Your system’s airflow can be decreased by a blocked air filter or dirty condenser.
How to Put in a New Your Air Filter
A dusty filter can lead to a lot of troubles, such as:
- Reduced cooling
- Icy refrigerant lines or evaporator coil
- Uneven cooling
- Bigger cooling costs
- Leading your system to break down more quickly
We suggest replacing flat filters monthly, and creased filters every three months.
If you aren’t sure when you last installed a new one, turn off your system completely and take out the filter. You can spot the filter in your furnace or air pump’s blower compartment. It might also be situated in an adjoining filter holder or wall-mounted return air grille.
Tilt the filter up to your light fixture. If you can’t see through it, you need to get a new one.
5 Tips on Cleaning Your Air Conditioning System
Weeds, grass and bushes can block your condensing unit. This may limit its airflow, make it less energy efficient and change your comfort. Here’s a way you can get your system operating well again.
- Switch off the electrical current completely at the breaker or outside lever.
- Remove yard waste around the unit. Once you’ve cleared larger debris within a two-foot space, you can use a paint brush or vacuum to gingerly remove dust from the equipment’s fins. Deformed fins can also impact capability, so you can attempt to straighten them with a dinner knife.
- Take off the top of your unit and take out any leaves or yard waste that has built up. Then wipe off the condenser fan with a wet cloth.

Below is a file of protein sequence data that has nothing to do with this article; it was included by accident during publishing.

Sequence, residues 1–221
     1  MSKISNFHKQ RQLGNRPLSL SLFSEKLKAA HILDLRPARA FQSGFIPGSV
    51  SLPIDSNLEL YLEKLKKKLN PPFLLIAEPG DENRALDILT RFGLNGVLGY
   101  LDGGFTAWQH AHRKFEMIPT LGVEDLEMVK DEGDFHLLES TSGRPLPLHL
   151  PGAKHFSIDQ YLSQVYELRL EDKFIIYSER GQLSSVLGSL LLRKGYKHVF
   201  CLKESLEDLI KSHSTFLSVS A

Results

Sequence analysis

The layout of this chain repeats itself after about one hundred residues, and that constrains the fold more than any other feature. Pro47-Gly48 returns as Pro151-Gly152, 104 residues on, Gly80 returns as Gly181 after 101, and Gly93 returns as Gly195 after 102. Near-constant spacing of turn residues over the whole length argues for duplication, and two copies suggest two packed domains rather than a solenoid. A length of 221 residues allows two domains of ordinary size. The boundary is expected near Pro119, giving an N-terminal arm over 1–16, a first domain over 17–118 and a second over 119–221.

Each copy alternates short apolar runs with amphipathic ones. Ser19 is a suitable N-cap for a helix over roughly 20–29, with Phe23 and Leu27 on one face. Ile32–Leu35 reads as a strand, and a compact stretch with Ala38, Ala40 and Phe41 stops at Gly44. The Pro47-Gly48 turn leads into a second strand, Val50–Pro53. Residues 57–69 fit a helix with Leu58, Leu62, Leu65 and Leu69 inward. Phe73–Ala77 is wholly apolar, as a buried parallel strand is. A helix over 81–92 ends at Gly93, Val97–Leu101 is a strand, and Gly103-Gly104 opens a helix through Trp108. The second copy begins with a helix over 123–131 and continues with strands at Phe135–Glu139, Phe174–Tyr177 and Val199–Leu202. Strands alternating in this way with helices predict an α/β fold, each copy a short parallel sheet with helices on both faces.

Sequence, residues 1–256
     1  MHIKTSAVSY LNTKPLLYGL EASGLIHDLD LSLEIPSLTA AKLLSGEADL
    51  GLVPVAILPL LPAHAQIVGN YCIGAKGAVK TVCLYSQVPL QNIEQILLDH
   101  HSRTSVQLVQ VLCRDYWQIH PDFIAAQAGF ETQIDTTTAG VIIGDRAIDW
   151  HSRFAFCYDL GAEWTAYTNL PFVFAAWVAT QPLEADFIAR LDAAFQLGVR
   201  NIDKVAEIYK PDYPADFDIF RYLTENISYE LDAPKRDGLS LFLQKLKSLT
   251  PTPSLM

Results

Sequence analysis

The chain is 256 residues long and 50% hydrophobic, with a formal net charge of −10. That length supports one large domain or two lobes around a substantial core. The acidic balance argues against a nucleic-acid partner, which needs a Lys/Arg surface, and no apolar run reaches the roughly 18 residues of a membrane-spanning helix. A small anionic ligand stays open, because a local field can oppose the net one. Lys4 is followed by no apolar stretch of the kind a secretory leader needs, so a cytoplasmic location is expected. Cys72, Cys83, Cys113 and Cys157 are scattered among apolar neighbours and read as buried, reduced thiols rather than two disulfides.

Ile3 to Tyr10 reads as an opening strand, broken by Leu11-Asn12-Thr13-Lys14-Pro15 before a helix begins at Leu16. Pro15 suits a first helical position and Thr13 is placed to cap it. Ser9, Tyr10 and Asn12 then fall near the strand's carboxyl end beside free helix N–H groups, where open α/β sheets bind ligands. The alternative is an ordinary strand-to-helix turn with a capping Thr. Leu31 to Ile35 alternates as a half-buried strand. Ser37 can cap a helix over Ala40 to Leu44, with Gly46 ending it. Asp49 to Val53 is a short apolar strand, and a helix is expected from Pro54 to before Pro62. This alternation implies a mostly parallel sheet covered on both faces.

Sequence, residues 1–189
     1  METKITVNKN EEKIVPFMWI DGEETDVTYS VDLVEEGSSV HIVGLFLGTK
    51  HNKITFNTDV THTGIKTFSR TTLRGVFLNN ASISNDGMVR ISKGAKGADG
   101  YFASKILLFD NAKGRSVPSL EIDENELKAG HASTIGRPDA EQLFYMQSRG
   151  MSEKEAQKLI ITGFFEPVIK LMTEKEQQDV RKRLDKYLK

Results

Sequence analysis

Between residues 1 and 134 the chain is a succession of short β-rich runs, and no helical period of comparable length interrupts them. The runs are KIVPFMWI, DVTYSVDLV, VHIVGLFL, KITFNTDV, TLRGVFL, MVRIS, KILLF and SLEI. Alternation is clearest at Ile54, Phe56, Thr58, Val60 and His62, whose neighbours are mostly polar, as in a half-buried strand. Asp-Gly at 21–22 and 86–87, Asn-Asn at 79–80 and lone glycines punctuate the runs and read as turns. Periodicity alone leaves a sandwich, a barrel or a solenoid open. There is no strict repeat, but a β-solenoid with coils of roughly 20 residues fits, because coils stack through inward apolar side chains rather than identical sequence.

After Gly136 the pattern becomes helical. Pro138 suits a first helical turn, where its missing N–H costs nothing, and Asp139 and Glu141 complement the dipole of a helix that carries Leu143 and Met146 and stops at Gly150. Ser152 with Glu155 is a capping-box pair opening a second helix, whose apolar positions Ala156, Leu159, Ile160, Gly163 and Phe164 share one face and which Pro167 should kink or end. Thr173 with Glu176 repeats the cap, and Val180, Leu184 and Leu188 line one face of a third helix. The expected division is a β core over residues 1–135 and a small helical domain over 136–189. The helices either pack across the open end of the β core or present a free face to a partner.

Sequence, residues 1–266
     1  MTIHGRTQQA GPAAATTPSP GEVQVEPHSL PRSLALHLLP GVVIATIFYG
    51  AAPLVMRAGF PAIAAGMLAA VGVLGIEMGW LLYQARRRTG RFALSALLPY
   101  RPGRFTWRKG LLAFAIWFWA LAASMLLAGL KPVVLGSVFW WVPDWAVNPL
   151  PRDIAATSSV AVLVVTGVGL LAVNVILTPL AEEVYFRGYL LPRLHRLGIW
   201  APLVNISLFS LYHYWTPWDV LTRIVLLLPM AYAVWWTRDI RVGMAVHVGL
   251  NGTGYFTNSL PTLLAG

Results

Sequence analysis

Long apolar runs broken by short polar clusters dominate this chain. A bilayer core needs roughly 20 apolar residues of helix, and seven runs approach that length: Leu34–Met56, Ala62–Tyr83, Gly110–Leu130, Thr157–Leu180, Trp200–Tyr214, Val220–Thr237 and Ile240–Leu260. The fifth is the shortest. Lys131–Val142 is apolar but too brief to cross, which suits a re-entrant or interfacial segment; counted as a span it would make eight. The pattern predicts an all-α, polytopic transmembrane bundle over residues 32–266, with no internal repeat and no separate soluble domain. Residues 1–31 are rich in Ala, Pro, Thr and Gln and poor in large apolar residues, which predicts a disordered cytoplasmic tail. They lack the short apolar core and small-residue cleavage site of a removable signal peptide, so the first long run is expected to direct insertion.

- Use a hose nozzle to carefully take off dirt on the fins from inside the system. Make sure to avoid getting liquid on the fan motor.
- Put the top back on and turn the power back on.
Low Refrigerant Levels
When cooling equipment doesn’t have adequate refrigerant, they’ll have difficulty removing heat and humidity from the air.
Here are a couple of indications that your unit is leaking refrigerant:
- It takes an extended amount of time to lower the temperature in your space and you’re constantly lowering the thermostat.
- Air blowing through the vents isn’t as cold as it should be.
- You’re experiencing fizzing or bubbling sounds when the AC runs.
- Your evaporator coil is iced over because it’s having trouble handling warmth.
Suspect your equipment is seeping refrigerant? You need a certified heating and cooling service expert to fix the leak and restore the right measurement of refrigerant in your equipment. Get in touch with us at 803-220-0761 for support.
3. AC Not Blowing Enough Air
When it seems like you’re not getting adequate amounts of chilled air, there’s potentially a blockage or separation somewhere in your air conditioning equipment.
- The first place is looking at your air filter. Get a new one if it’s dusty.
- Then make sure the registers are open across your residence.
- If you’re still not experiencing sufficient chilly air, you should have your ductwork inspected by a expert like US Air Heating and Cooling. Your ductwork might need to be fixed or relinked in tricky areas like your attic, basement or crawl space.